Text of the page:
Edward A. Pace

Edward Aloysius Pace (July 3, 1861 – April 26, 1938) was a Roman Catholic priest of the Diocese of St. Augustine, Florida. He was the first native Floridian to be ordained a diocesan priest.

Edward A. Pace
Edward Aloysius Pace (1861–1938).png
Born(1861-07-03)July 3, 1861
Starke, Florida
DiedApril 26, 1938(1938-04-26) (aged 76)


Edward A. Pace was born in Starke, Florida on July 3, 1861.[1] He did his doctoral work in psychology in Germany with Wilhelm Wundt. He wrote his dissertation on Herbert Spencer and evolution.

Pace was extensively involved with the early development of The Catholic University of America. He was the first professor of psychology at CUA, and was the founding dean of its School of Philosophy. He held several administrative positions throughout his career, and was involved with many of the University's academic initiatives. He was one of the general editors of the edition of the Catholic Encyclopedia completed in 1914. In addition, Pace contributed to the founding of Trinity College, Washington, D.C.

In 1892 he became one of the first five psychologists elected to the American Psychological Association by its charter members. He was co-founder of the American Philosophical Association (1893), cofounder of the Catholic Philosophical Association (1926), co-founder and first editor of Catholic Educational Review (1911), cofounder and coeditor of the journal New Scholasticism (1926). Between 1907 and 1912 he was one of the leading editors of the fifteen-volume Catholic Encyclopedia. He was appointed by President Hoover to the National Advisory Committee on Education in 1926.[2]

Pace retired from CUA in 1935. He died at Providence Hospital in Washington, D.C. on April 26, 1938.[3] After his death, Monsignor Edward Pace High School was established in Opa Locka, Florida.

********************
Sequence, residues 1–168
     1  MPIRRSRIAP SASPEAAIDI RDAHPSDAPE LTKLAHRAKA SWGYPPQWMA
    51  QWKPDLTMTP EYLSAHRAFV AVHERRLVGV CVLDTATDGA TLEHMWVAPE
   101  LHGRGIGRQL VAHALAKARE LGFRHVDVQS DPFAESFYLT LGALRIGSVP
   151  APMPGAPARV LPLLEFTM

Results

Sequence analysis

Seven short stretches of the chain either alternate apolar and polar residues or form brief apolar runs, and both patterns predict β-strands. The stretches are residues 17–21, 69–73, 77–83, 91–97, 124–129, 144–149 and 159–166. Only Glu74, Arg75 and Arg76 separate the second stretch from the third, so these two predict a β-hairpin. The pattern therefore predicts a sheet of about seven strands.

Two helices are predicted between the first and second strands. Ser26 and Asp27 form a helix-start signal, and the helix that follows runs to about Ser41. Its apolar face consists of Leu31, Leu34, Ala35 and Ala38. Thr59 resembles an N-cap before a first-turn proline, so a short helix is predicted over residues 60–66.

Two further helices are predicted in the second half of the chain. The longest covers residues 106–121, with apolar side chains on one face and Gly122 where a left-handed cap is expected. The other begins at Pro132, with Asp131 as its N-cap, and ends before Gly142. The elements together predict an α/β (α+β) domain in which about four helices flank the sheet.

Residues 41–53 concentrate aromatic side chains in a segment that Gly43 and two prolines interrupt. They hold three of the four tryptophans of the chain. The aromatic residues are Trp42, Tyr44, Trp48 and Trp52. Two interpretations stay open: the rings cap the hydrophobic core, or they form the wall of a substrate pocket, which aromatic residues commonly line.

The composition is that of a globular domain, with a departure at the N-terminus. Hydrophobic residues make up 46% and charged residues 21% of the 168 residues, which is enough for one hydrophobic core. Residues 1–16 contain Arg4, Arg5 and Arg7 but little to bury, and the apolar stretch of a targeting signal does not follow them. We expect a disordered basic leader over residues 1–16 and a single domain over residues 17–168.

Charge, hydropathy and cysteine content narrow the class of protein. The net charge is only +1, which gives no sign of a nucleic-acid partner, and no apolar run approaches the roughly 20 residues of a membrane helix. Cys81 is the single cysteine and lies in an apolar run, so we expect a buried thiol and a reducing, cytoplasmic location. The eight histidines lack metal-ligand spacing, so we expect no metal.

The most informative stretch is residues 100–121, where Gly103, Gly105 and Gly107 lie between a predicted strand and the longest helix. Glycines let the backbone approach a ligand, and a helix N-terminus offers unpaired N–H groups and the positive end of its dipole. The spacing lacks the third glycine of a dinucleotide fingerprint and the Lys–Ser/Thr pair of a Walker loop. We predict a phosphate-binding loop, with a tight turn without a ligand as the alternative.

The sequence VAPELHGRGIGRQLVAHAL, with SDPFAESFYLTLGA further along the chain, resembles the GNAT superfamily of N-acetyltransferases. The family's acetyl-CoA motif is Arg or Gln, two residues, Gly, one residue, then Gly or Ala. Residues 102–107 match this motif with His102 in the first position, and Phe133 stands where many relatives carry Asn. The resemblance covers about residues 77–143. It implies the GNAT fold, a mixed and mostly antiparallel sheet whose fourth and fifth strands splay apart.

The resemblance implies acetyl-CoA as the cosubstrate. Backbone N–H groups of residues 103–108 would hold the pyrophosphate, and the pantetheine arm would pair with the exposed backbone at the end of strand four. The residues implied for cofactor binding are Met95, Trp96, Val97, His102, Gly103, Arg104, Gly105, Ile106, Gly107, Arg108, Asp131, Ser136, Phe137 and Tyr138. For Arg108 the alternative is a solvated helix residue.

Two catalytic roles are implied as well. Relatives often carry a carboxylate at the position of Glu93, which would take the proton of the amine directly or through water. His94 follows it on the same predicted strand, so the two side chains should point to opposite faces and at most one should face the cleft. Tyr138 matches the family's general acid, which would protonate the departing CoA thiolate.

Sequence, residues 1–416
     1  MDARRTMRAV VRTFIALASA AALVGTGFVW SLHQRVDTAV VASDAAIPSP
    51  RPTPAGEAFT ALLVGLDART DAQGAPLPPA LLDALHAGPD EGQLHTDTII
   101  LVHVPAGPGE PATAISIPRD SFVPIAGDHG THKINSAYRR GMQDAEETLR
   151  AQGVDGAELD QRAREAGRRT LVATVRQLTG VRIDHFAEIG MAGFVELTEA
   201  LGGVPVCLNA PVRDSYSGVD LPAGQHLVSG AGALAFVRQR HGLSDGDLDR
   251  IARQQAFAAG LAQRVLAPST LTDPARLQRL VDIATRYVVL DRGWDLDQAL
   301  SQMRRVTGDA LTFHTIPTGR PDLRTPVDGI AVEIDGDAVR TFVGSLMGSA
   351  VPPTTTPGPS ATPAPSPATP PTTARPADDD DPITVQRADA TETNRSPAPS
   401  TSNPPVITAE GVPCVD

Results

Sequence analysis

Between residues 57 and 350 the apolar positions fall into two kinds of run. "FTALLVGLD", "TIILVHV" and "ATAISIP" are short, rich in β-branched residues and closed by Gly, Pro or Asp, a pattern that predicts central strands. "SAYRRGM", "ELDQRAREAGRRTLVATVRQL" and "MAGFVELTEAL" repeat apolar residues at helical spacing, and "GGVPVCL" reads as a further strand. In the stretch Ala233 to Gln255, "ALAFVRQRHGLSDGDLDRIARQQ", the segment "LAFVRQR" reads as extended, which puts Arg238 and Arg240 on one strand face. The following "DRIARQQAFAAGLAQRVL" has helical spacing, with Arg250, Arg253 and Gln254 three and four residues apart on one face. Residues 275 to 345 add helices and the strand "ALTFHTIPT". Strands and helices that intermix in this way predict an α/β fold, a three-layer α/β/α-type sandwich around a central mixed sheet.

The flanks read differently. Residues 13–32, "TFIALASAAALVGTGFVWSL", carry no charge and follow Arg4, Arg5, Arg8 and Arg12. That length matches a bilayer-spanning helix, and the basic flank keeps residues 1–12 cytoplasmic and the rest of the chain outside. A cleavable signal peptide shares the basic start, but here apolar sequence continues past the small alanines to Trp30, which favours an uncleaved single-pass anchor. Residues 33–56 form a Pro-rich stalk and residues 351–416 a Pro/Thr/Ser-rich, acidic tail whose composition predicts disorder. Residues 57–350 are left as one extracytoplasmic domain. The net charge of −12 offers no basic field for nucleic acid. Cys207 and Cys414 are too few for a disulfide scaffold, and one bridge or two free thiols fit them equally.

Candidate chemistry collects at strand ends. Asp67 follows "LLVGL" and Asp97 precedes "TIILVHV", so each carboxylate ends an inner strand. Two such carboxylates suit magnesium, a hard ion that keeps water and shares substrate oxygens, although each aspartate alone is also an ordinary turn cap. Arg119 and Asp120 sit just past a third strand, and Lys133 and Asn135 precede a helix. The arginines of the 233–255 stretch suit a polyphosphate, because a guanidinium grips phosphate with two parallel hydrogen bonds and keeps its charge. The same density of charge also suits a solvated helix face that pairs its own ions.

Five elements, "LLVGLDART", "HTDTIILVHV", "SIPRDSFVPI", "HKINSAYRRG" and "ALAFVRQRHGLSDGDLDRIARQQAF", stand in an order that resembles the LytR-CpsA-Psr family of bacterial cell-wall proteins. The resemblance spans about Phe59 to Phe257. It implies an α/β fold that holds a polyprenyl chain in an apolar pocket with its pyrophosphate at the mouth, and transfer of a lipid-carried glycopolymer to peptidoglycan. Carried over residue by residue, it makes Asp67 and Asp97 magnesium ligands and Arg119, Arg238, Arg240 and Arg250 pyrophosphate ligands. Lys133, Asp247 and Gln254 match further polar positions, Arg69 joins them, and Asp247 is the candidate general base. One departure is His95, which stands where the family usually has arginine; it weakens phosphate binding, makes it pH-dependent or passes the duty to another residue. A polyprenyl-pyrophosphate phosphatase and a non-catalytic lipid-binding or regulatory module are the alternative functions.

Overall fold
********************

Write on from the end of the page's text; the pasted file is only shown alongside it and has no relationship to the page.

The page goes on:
1. ^ The Catholic Encyclopedia and its Makers. The Encyclopedia Press. 1917. p. 133. Retrieved September 27, 2021 – via archive.org.
  2. ^ Gillespie, C. Kevin (2001). Psychology and American Catholicism: From Confession to Therapy?. New York: Crossroad Publishing Company. pp. 32–33. ISBN 9780824518967. Retrieved September 27, 2021 – via Google Books.
  3. ^ "Msgr. E. A. Pace Dies in Hospital". Washington Evening Star. April 26, 1938. p. 8. Retrieved September 27, 2021 – via Newspapers.com.


  • Biographical Note and Finding Aid to his papers at The Catholic University of America.
  • William P. Braun, Monsignor Edward A. Pace: Educator and Philosopher (Unpublished diss., The Catholic University of America, 1969).
  • Charles A. Hart, ed., Aspects of the New Scholastic Philosophy: By the Associates and Former Pupils of Dr. Edward A. Pace, Vice Rector of the Catholic University of America (Benziger 1932).
  • Benedict Neenan, Thomas Verner Moore: Psychiatrist, educator and monk, at 64-69 (Paulist 2000).
  • C. Joseph Nuesse, The Catholic University of America: A centennial history (CUA Press 1990).
  • Thomas E. Woods, Jr., The Church Confronts Modernity: Catholic intellectuals and the progressive era (Columbia University Press 2004).
  • C. Kevin Gillespie, S.J., Psychology and American Catholicism: From Confession to Therapy? (New York: Crossroad Publishing Company, 2001).

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